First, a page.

Details of over-inflated public sector salaries have filled newspaper columns for years and fuelled anger about rising pay inequality.

Similarly, the public mood darkens when senior public sector staff also walk away with huge redundancy deals.

Pension inequality, however, has not yet attracted nearly the same attention, but it is just as unfair as quango chiefs earning £200,000 a year.

Caveats do apply. Individuals who earn more will inevitably have bigger pensions on account of employee and employer contributions.

It is also the case that higher earners will pay more tax on their payments than somebody who has an annual pension of £15,000.

However, as today’s revelations show, pension inequality is grotesque and necessitates and urgent rethink.

We have identified ten senior public sector figures whose pension benefits were valued at more than £1.5m.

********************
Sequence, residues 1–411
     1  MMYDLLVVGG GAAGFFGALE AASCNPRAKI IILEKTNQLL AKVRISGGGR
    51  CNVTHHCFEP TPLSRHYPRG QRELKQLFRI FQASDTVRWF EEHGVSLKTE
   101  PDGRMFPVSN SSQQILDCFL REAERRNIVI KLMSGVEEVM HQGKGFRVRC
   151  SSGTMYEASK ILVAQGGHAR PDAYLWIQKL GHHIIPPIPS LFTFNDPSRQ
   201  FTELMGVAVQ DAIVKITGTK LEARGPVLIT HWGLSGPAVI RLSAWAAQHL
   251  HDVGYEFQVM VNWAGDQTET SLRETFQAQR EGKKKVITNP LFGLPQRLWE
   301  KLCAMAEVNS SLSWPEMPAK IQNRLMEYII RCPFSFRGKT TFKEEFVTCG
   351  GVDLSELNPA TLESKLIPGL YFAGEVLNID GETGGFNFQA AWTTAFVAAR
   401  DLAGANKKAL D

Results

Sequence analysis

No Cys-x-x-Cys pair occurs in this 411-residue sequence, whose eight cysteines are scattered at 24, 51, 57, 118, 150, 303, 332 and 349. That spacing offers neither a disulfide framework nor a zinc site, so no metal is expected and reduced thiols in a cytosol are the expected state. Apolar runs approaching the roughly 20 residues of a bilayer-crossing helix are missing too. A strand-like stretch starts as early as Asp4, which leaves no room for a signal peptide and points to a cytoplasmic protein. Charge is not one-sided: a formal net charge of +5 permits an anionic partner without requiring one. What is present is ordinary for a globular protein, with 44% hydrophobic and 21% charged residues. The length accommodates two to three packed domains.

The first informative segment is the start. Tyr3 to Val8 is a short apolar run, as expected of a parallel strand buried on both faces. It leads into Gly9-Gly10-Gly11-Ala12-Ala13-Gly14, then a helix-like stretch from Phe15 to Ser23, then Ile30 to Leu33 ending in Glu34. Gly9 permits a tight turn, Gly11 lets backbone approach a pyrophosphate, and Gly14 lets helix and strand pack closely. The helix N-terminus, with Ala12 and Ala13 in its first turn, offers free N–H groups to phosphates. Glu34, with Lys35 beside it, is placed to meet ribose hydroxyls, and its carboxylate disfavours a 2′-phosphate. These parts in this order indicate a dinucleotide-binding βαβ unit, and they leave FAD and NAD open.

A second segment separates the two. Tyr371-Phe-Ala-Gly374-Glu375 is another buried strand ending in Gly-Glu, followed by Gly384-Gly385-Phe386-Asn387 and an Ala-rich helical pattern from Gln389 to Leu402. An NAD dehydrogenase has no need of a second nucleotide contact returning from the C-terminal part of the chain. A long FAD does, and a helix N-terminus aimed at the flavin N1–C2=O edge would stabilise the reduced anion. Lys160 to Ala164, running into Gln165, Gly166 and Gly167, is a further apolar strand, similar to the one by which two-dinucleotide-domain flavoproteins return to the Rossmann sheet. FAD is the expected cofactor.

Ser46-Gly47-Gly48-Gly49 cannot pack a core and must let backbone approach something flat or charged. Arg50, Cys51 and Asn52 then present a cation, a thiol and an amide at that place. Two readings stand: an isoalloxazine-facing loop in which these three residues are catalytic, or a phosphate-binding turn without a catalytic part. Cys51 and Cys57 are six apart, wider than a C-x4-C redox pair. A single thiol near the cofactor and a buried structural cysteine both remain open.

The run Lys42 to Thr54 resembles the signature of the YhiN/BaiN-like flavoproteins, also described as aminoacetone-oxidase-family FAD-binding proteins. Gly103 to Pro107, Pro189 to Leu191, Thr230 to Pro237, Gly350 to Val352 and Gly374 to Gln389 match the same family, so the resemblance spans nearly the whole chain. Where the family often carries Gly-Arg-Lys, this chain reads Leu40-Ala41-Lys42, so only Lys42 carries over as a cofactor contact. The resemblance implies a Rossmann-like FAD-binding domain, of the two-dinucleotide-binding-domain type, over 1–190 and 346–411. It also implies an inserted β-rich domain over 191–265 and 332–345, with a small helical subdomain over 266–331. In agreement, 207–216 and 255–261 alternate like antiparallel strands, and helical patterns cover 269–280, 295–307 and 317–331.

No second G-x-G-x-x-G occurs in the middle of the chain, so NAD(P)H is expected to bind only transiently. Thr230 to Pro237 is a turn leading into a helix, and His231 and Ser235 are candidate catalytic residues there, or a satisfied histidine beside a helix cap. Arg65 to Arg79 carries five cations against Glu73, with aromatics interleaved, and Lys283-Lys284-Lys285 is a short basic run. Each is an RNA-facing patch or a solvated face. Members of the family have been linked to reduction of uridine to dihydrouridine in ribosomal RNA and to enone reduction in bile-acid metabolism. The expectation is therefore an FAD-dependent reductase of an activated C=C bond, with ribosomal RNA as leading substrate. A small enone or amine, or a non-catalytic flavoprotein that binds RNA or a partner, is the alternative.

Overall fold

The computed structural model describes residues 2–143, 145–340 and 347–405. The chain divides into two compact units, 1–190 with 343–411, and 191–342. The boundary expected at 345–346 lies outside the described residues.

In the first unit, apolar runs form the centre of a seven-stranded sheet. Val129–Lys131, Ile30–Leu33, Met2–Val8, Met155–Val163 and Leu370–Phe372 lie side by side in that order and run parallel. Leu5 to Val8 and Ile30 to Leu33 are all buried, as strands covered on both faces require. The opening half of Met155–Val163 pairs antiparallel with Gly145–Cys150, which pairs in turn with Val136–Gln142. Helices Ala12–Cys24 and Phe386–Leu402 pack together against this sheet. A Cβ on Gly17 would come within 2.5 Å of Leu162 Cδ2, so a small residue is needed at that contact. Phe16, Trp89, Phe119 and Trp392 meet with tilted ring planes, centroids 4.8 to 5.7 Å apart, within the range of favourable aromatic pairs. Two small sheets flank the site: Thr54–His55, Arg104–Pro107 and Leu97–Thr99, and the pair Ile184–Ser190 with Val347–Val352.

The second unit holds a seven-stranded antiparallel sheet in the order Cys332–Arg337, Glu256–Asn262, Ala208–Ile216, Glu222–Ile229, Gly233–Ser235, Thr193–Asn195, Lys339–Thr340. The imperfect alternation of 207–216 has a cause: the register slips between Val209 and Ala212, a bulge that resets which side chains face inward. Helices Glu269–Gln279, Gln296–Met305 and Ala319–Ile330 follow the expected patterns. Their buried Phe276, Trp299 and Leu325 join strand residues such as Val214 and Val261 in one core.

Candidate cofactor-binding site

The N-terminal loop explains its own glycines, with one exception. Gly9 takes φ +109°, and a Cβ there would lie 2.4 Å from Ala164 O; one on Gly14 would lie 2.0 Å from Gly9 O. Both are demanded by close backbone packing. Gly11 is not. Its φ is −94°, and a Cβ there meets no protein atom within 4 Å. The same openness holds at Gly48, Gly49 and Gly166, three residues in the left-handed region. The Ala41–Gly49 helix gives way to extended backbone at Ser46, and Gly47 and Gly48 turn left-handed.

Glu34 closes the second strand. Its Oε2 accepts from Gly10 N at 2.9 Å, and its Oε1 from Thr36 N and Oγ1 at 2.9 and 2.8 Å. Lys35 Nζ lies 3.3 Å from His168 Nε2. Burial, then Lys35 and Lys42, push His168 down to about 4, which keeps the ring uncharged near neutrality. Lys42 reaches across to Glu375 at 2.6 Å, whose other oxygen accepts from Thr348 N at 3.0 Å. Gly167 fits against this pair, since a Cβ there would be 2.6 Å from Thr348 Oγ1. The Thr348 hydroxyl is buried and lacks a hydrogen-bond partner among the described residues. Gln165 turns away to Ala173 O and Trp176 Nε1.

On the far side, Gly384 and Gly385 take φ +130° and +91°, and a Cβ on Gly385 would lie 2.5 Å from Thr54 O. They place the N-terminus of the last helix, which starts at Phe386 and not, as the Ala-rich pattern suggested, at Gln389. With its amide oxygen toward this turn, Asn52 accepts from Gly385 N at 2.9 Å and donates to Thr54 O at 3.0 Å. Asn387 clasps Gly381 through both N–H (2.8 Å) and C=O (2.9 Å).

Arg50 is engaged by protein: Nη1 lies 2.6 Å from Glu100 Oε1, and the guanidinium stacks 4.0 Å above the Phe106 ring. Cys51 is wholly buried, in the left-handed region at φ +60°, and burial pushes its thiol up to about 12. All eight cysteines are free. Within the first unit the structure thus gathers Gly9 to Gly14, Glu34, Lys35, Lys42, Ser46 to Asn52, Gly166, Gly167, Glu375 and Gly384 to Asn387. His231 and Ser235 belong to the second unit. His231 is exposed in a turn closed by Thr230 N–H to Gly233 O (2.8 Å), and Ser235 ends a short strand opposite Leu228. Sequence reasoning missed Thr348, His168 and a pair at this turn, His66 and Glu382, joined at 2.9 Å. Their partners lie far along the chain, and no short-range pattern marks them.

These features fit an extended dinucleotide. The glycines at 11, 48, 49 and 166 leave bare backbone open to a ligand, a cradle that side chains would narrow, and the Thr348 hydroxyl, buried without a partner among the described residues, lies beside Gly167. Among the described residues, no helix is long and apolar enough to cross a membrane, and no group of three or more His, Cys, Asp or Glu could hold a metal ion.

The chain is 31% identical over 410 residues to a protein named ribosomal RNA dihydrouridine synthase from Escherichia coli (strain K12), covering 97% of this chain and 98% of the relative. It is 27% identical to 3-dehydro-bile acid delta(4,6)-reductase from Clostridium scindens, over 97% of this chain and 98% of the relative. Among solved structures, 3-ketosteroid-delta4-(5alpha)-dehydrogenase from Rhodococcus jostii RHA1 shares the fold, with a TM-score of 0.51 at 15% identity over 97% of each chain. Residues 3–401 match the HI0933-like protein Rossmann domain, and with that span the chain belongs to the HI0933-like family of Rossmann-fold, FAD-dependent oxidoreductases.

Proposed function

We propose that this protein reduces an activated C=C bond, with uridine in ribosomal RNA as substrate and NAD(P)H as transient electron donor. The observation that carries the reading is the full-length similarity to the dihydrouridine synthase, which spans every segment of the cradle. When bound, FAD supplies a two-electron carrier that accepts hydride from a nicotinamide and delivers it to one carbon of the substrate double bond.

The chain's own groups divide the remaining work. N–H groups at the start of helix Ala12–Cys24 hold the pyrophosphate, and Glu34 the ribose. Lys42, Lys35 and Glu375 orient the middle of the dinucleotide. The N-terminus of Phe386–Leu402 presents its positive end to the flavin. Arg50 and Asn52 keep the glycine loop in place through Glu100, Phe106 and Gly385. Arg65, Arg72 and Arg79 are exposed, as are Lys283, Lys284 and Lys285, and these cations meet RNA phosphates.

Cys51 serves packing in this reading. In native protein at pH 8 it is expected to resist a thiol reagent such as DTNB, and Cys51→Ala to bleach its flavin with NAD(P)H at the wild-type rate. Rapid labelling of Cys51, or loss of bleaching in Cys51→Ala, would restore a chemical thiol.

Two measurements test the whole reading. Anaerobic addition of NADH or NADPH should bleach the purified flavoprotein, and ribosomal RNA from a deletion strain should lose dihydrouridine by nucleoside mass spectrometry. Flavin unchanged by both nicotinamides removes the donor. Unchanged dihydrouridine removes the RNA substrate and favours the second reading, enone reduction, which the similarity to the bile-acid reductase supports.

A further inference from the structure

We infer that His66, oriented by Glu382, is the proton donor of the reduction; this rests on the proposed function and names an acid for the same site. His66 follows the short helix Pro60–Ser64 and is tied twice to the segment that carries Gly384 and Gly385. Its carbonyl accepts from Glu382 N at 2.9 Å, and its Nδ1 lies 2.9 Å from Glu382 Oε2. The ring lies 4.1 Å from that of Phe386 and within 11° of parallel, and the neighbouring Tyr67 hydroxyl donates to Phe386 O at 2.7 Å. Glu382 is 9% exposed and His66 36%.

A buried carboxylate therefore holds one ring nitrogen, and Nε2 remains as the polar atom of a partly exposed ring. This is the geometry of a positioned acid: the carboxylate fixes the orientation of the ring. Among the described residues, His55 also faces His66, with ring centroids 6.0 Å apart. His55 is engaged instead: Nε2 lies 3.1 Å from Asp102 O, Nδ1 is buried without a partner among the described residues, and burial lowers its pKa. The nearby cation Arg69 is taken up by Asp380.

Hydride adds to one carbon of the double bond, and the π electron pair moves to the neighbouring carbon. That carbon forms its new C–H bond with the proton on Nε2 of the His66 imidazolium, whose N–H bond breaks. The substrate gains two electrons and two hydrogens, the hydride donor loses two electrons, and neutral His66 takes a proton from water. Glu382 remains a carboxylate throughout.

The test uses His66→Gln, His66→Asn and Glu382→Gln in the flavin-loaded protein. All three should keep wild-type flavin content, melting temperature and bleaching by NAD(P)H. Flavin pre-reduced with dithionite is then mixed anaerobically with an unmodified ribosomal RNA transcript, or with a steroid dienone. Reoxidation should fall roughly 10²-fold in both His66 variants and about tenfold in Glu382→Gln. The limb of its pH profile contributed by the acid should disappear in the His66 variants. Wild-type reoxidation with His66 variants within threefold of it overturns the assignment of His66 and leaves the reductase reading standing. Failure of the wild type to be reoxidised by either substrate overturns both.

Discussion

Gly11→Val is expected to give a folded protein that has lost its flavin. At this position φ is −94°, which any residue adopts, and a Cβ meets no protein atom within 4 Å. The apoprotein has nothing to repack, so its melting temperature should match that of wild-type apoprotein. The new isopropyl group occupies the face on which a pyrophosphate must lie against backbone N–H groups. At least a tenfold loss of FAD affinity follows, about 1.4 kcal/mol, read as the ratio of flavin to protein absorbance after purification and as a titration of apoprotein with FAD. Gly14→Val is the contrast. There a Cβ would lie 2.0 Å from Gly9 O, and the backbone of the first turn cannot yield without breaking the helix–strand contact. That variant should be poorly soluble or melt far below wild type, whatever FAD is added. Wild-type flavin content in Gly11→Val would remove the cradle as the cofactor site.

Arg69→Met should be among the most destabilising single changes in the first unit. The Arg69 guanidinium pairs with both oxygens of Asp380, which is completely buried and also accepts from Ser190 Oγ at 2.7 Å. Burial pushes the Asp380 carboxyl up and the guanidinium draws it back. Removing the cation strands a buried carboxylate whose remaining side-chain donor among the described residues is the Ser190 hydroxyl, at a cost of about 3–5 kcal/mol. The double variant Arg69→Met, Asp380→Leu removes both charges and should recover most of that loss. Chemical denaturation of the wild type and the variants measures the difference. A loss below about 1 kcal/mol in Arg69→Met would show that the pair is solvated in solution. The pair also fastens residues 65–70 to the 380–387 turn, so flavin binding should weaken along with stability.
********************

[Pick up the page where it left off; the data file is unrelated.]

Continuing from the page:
This is not the sum each individual can withdraw, but is the value placed on pension benefits should they wish to leave the scheme.

For instance, former Scottish Enterprise chief executive Lena Wilson has a cash equivalent transfer value on her pension of around £2.4m.

Wilson will enjoy an annual pension of around £80,000 when she is 60 and a lump sum of nearly £230,000. It is hard to imagine the circumstances in which these sums can be justified.

The time may have come to rethink the system of pension tax relief that disproportionately benefits higher earners. Inequality has many manifestations, but it is particularly evident during retirement.